Umbria is a region of central Italy. It includes Lake Trasimeno and Marmore Falls, and is crossed by the River Tiber. The regional capital is Perugia. Umbria is known for its landscapes, traditions, history, culinary delights, artistic legacy, and influence on culture.

Pope Gregory XIII elevated him to the cardinalate on 12 December 1583 and he was appointed as the Cardinal-Priest of San Marcello.

Pope Gregory XIII Pope from 1572 to 1585

Pope Gregory XIII, born Ugo Boncompagni, was head of the Catholic Church and ruler of the Papal States from 13 May 1572 to his death in 1585. He is best known for commissioning and being the namesake for the Gregorian calendar, which remains the internationally accepted civil calendar to this day.

Papacy

Election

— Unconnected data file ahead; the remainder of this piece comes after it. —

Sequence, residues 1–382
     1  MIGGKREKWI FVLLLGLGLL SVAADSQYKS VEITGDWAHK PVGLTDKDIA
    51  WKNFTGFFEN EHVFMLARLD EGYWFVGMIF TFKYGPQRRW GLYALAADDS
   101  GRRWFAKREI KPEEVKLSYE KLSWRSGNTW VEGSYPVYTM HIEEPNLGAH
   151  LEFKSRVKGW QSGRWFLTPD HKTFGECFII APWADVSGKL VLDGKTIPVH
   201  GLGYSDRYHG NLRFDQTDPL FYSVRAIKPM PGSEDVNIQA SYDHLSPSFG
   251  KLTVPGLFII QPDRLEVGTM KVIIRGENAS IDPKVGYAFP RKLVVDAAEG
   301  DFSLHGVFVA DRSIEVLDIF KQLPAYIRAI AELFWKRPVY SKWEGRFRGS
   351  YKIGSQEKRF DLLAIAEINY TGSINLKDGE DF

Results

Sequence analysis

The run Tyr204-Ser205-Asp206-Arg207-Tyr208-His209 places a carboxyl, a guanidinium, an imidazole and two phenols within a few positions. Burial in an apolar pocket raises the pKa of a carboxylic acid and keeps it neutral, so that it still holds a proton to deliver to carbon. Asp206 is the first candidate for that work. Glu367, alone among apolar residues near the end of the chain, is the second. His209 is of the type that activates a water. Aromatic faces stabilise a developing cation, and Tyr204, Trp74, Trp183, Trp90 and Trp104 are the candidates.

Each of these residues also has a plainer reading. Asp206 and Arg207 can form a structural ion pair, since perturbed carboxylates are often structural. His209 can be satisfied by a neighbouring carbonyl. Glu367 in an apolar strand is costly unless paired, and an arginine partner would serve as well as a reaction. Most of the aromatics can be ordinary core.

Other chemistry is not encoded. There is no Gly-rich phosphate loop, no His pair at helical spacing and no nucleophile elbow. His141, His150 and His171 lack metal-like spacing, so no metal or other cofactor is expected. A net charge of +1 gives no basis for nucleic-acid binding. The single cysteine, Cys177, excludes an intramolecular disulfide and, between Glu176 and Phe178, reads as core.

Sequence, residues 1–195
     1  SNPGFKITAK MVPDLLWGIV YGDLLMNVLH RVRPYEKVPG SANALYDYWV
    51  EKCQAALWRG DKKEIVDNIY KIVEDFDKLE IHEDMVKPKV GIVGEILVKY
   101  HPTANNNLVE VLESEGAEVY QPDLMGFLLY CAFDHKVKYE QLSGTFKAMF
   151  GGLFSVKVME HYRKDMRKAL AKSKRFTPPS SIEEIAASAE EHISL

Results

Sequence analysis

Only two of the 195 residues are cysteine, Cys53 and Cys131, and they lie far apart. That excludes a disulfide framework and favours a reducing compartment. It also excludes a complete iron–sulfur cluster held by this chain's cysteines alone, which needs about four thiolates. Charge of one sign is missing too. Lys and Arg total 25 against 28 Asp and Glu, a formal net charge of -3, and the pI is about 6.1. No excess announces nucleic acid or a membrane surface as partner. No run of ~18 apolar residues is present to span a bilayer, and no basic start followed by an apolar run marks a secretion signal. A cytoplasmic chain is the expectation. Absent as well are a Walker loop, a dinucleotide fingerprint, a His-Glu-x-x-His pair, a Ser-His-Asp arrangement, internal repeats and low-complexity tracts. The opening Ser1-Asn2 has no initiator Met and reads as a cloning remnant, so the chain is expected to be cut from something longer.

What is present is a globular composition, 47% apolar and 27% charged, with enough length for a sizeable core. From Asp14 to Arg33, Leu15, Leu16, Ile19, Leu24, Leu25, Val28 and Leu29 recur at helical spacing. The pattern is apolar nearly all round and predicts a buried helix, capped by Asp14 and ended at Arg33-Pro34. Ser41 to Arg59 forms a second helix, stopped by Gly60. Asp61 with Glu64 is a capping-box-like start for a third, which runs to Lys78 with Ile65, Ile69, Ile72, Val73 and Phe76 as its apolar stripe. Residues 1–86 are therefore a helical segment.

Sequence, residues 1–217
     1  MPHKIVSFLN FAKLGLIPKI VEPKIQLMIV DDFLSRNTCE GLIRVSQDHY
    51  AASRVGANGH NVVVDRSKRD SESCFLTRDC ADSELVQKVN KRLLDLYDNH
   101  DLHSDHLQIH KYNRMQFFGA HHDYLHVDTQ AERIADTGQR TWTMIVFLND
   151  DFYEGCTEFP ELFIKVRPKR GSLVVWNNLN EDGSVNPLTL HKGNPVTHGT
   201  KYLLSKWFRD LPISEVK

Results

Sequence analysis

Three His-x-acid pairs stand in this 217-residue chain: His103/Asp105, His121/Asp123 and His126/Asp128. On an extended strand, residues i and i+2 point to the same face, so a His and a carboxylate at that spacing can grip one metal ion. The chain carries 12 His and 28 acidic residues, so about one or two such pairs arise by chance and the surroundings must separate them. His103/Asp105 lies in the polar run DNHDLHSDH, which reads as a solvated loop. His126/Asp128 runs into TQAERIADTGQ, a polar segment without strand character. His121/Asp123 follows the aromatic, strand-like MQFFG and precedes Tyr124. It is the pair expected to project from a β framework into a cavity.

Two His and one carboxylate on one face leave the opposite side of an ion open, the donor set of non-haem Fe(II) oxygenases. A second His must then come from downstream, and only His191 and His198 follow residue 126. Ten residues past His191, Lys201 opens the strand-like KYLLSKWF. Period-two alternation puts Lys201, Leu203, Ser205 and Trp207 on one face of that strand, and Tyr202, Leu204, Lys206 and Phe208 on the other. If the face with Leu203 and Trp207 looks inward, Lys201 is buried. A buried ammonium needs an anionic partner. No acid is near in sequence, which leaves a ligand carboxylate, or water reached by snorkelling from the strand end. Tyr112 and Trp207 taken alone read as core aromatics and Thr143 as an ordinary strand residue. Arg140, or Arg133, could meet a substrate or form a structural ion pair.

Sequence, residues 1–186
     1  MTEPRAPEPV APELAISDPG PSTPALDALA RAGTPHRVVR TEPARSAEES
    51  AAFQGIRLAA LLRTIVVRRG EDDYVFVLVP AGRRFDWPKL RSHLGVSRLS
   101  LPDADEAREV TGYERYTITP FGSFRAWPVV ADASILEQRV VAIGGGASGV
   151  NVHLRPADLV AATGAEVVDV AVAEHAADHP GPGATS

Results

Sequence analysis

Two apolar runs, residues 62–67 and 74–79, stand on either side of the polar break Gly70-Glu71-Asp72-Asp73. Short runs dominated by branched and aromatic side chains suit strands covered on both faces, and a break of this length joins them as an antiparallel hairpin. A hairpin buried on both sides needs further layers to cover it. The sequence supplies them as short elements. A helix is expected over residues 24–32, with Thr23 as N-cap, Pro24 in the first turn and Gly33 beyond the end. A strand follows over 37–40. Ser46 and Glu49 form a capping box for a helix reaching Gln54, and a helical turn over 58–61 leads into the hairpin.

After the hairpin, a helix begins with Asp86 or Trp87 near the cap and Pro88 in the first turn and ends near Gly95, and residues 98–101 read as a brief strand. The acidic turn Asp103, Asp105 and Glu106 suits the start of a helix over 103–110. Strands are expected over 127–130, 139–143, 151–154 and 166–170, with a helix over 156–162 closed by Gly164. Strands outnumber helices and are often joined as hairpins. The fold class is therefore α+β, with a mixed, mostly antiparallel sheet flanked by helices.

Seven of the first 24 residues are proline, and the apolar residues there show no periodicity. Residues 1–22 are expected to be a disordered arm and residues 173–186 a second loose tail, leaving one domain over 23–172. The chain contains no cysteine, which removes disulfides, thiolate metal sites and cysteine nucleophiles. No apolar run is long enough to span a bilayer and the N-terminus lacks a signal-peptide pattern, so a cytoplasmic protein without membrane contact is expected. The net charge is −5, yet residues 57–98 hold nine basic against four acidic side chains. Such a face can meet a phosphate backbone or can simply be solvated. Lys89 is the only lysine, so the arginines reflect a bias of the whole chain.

After the death of Pope Sixtus V a conclave was convoked to elect a successor. Ferdinando I de' Medici, Grand Duke of Tuscany had been appointed a cardinal at the age of fourteen, but was never ordained to the priesthood. At the age of thirty-eight, he resigned the cardinalate upon the death of his older brother, Francesco in 1587, in order to succeed to the title. (There were suspicions that Francisco and his wife died of arsenic poisoning after having dined at Fernando's Villa Medici, although one story has Fernando as the intended target of his sister-in-law.) Ferdinando's foreign policy attempted to free Tuscany from Spanish domination. He was consequently opposed to the election of any candidate supported by Spain. He persuaded Cardinal Alessandro Peretti di Montalto, grand-nephew of Sixtus V to switch his support from Cardinal Marco Antonio Colonna, which brought the support of the younger cardinals appointed by the late Sixtus. [2]